Santa Barbara News Press

Winemaking as an adventure in Paso Robles

Santa Barbara News Press - Thursday, February 6, 2003

It's always great when another Frenchman comes to the Central Coast and puts down (vineyard) roots here. It's an affirmation of what locals knew all along: that this is one of the most perfect areas in the world for grape growing. No, I'm not talking about the Perrin Brothers' Tablas Creek Vineyard, which I wrote about last time. This Frenchman is not nearly as well known, though The Wine Spectator recently called him one of "the young Turks of Paso Robles."

Stephan Asseo is his name and he left a comfortable winemaking situation in Bordeaux to explore the New World. He searched up and down California for a vineyard site until he found what thought was a very promising site, on the west side of Paso Robles, not coincidentally, near where the Perrin Brothers planted. The 35-acre vineyard that Asseo planted, to syrah, mourvedre, cabernet and petite verdot, is called Stephan Ridge, while the winery is titled L'Aventure ("the adventure"). At 42, he already has two decades of winemaking experience and, frankly, it shows up in the bottle, raising the standards for winemaking in Paso Robles. The wines are pricey, with L'Aventure in the $28 to $36 range and the Stephan Ridge label at $20, but they are worth it. Some thoughts on the wines:

L'Aventure Rose 2001: Asseo shrugs his shoulders when asked about his pink wine, as if to apologize that it's not serious stuff, but it's a fine quaffer on a warm afternoon. A blend, primarily cabernet, it has a neat strawberry and cream nose. The flavors are all bright strawberry but it has good palate grip, finishing slightly on the sweet side.

Stephan Ridge Viognier 2000: Nicely perfumed viognier with a peach-and-apricot-skin aromatics that aren't over the top. The typical flavors are atpyically well delineated, showing off the sweet, ripe fruit. It's a very succulent and seductive wine that hits all the marks of what an elegant viognier should be. The balance of fruit, body and acidity really makes this wine work well with food.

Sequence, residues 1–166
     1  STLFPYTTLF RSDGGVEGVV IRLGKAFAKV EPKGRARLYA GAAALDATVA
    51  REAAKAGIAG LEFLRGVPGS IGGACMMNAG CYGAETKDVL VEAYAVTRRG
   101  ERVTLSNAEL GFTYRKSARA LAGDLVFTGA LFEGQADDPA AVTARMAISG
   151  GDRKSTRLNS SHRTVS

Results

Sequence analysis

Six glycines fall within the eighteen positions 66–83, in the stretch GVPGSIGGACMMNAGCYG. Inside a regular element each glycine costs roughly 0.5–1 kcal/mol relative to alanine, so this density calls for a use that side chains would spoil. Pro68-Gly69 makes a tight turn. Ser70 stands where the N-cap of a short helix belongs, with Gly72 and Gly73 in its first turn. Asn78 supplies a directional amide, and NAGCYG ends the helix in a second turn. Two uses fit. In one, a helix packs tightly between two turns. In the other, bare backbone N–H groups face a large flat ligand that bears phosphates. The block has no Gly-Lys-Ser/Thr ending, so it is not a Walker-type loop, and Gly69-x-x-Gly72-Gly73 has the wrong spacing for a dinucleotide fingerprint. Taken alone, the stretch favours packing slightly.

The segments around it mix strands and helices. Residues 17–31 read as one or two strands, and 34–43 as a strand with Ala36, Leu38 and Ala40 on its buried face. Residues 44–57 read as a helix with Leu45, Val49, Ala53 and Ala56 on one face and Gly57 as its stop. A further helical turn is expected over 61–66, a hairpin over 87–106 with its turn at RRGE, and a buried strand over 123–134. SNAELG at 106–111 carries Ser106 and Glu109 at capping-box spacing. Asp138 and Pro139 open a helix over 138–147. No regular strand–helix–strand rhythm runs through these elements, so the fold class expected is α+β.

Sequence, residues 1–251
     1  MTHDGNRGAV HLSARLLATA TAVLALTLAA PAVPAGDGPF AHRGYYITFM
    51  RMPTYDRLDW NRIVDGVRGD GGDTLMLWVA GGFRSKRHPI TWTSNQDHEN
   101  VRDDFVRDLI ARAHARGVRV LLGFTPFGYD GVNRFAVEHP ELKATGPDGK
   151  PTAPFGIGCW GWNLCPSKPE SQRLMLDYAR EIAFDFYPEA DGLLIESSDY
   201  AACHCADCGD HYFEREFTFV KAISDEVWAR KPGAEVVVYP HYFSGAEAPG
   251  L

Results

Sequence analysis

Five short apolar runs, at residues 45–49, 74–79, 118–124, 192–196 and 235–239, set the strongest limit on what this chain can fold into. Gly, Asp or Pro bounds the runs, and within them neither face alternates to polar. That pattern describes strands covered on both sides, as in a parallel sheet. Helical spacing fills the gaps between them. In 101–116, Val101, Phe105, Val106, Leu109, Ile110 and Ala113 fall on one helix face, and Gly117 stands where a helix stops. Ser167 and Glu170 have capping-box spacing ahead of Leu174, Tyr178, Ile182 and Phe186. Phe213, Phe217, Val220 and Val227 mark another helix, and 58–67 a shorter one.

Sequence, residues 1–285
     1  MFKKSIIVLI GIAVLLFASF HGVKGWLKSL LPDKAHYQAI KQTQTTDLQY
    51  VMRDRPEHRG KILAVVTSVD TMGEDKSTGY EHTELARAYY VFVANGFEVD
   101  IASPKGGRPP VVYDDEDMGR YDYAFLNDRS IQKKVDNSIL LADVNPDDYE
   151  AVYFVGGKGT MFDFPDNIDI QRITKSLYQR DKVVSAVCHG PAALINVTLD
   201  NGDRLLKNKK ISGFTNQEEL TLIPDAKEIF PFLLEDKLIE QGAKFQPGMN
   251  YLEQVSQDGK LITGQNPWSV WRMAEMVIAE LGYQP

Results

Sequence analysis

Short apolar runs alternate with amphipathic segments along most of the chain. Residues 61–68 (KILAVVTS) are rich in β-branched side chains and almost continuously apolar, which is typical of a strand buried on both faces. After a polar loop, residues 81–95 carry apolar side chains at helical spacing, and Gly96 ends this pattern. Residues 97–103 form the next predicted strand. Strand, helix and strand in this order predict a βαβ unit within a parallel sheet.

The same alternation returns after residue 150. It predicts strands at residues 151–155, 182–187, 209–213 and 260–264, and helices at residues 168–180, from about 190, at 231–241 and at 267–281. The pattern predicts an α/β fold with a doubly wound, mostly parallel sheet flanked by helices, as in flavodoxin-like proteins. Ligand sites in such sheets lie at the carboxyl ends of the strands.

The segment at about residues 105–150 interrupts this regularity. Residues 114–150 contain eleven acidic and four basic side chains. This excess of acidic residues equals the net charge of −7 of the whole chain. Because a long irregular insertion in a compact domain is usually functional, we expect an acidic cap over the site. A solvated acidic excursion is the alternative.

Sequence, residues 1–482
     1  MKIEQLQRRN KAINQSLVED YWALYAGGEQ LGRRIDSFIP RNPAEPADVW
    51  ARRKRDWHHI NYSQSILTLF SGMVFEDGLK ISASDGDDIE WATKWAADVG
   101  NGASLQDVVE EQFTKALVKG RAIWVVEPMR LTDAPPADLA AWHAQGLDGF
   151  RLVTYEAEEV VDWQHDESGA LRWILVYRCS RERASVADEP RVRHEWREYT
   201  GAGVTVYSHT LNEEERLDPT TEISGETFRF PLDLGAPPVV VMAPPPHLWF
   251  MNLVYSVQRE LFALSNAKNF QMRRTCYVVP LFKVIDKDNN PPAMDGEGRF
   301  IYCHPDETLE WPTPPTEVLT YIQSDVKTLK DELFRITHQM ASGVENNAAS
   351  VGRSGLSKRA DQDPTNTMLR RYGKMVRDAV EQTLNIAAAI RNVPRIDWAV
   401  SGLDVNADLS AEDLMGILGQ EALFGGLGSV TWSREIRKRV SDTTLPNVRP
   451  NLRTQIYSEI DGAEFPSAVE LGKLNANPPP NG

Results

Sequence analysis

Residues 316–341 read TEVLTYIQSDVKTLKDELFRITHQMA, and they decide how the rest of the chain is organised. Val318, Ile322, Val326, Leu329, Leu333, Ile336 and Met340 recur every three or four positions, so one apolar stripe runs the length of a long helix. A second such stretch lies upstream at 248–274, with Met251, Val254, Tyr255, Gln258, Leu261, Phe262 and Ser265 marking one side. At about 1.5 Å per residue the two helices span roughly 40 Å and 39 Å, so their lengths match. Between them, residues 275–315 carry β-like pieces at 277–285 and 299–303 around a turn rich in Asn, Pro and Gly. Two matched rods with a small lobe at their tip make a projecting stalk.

L'Aventure Chardonnay 2000: Again, another atypical wine, 100 percent fermented in new French oak but with no malolactic (secondary) fermentation! That's nearly heresy on the Central Coast, but Asseo knows what he's doing because this is a terrific Burgundian style chard. A flinty, mineral noce also includes some caramel and vanilla aromatics. On the palate, the lemon-lime and mineral flavors are simply refreshing, as Asseo lets the vineyard "terrior" speak for itself without manipulation. And while it's bright, it's also weighty with big palate impact. The oak caresses the fruit without seeming overpowering and the flavors persist on the long, lemony finish. Again, the acidity, in balance with the other elements, makes this wine especially food friendly.

L'Aventure Zinfandel 2000: Plenty of oak and plenty of jammy, whammy juicy fruit in this zin from the git-go. Power-packed and upfront, in-your-face flavors, it has the alcohol to go with it but also the requisite briary/brambly overtones too. In the end, it's rich and well-endowed juice, bursting with flavor but not overwhelming like some high-octane zins. It's a well-balanced zin that wears a tuxedo instead of blue jeans.

L'Aventure Optimus 2000: This would be Asseo's blending masterpiece and it comes pretty close to achieving that description. A nearly equal blend of cabernet and syrah, with a pinch of zin and petite verdot mixed in, Optimus is the proprietary name for the best wine that Asseo can make. It has a great jammy, berryish nose, but it's serious, not just fruit-forwward, flash-in-the-pan stuff. Dark berry and cassis flavors along with damson plums are buffered by a pleasant "terrior" driven chalkiness and vanilla. The 100-percent new French oak is well integrated, and the wine shows terrific intensity as well as purity on the sweet finish. The oak both supports the fruit but complexes it at the same time, making this a very complete wine. You can drink it now - it's that supple - but it will be even better 10 years from now.

Stephan Ridge Red 2000: This is the little brother of Optimus, at about half the price. You get the same wine growing expertise and the same blending talents, but this juice didn't make the cut for the top blend. About an equal blend of syrah and cabernet, it was aged in 30-percent new French oak for 13 months and then (as with all L'Aventure/Stephan Ridge reds) bottled without any fining or filtration. It has that deep, dark berry nose that indicates juicy, jammy fruit is just ahead. In the mouth, dark berry and sour cherry fruit combined with the oak aging for a textural pop on mid-palate. While the wine just oozes plenty of depth and length without being heavy of ponderous. Supple and drinkable right now, this is obviously Asseo's idea of what a good red wine should taste like, regardless of varietal.

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